Roberto Luongo (Joel Auerbach/Getty Images)
THN staffers met recently to hash out our pre-season NHL predictions – and Adam Proteau says the drastic differences of opinion on the fortunes of many teams underscores how parity reigns supreme in the modern era.
Every year around this time, THN’s editorial staff convenes in a boardroom to hash out our pre-season NHL predictions. The predictions meeting is a raucous couple of hours in which, after consulting with coaches, scouts, and our larger network of contacts, we debate the merits and flaws of every team before we slot them into divisional finishes. And by its conclusion, we’ve established some semblance of probability for each franchise’s fortunes.
But this year’s meeting had some particularly interesting aspects. For one thing, a majority of staffers liked one team in particular to win the Stanley Cup – yes, you’ll have to wait until our annual Yearbook is released in mid-August to find out which team that is – but the more intriguing development was the astonishing range of opinion on the grand majority of teams.
Now, there wasn’t much differentiation in what we thought of the league’s very best and worst franchises (nobody was willing to argue the Ducks would miss the playoffs, nor that the Sabres would win the Presidents' Trophy as the NHL’s top regular-season squad), but once we stopped talking about a handful of teams destined for the penthouse or outhouse, our expectations varied drastically.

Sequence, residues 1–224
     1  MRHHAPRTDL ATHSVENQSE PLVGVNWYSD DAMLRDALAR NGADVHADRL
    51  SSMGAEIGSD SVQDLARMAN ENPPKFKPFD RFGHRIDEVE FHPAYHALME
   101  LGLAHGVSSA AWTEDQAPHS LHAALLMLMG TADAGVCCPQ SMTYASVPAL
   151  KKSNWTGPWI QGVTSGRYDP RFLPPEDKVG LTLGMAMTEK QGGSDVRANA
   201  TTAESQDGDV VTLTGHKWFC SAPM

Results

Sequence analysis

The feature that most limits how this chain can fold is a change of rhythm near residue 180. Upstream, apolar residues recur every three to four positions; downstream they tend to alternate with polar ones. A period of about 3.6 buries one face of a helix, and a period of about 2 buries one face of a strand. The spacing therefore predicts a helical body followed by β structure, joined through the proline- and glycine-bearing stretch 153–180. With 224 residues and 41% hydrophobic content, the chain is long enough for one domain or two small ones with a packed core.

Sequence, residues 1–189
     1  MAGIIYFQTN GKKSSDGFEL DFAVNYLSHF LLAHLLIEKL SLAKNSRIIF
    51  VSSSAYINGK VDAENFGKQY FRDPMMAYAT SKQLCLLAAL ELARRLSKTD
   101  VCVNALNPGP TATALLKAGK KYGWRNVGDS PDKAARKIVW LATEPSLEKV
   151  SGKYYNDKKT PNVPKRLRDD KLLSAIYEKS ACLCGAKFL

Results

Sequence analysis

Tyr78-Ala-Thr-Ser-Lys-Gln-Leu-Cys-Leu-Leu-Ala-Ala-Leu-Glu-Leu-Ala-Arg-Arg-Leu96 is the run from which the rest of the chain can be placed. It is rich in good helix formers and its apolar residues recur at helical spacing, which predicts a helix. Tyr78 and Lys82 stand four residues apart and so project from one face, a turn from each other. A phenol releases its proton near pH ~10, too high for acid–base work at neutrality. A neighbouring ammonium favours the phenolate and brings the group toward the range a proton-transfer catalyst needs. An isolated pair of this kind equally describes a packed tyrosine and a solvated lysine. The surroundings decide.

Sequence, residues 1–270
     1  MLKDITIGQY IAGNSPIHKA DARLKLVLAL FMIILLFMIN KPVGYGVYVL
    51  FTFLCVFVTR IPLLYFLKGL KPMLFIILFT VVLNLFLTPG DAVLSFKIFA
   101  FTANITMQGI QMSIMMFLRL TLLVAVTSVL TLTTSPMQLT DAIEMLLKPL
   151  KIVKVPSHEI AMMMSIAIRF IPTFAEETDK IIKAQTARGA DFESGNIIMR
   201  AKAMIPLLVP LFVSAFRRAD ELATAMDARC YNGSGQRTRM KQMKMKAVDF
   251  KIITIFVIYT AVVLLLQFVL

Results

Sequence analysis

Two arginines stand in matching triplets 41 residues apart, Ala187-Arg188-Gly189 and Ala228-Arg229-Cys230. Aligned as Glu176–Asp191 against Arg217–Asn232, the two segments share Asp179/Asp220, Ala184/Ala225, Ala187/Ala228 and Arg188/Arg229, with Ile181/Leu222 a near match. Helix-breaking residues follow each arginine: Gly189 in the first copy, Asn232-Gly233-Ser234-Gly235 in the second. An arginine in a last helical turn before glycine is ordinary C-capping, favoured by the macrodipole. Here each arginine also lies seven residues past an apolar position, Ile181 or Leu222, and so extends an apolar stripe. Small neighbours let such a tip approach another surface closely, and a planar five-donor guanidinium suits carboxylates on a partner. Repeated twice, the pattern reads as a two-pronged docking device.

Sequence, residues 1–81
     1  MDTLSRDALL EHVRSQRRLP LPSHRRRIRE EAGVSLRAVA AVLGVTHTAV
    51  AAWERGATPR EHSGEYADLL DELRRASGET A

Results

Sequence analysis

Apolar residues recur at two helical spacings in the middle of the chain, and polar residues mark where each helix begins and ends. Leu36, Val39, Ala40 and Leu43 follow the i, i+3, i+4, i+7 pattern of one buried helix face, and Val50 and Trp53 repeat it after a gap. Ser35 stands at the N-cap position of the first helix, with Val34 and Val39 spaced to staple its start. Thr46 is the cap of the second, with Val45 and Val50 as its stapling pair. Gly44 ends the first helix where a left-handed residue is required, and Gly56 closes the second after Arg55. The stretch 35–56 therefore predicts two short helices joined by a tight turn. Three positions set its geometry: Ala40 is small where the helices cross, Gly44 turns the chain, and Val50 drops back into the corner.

Take the New Jersey Devils, for instance.
A few THNers see them as a great possession team – one that’s solved its famous shootout woes of last season by bringing in free agents Mike Cammalleri and Martin Havlat – that could finish as high as second in their division. But others look at the Devils and see a franchise: whose top two point-getters last year are a combined 80 years old; whose defense lost veterans Mark Fayne and Anton Volchenkov; and who could finish well out of the post-season in 2014-15.
Similarly, there were incredibly mixed feelings when it came to the Florida Panthers. Some staffers bought into GM Dale Tallon’s summertime maneuvering and drew a parallel between it and Florida’s 2011 off-season, which was followed up by the franchise’s first playoff appearance in a decade-and-a-half. Other staffers weren’t nearly so confident in their changes and don’t believe they’ll get close to qualifying for a post-season berth.
Thanks to parity and the salary cap, you can make similar pros-and-cons arguments for at least 20 NHL teams. And it’s not only fans and media who are acknowledging the utter unpredictability of the league from year-to-year.
“I think you and I would probably agree there are four or five teams that are better than everybody else, and the same number of teams that are worse than everyone else,” Red Wings GM Ken Holland told THN recently. “With all the other teams, there’s not a lot of separation anymore. And we’re one of those teams.”
This has been the NHL’s new normal since the cap era began in 2005, but it's more heavily underscored with every year that passes. And that’s why fans who will eventually see THN’s predictions (or any predictions, for that matter) in August and work themselves into an indignant lather are wasting their fury.
You may believe with all your heart your team is a lock to make the playoffs in 2014-15, but presuming there’s only one correct appraisal of their fortunes reveals a naïvete that doesn’t flatter you.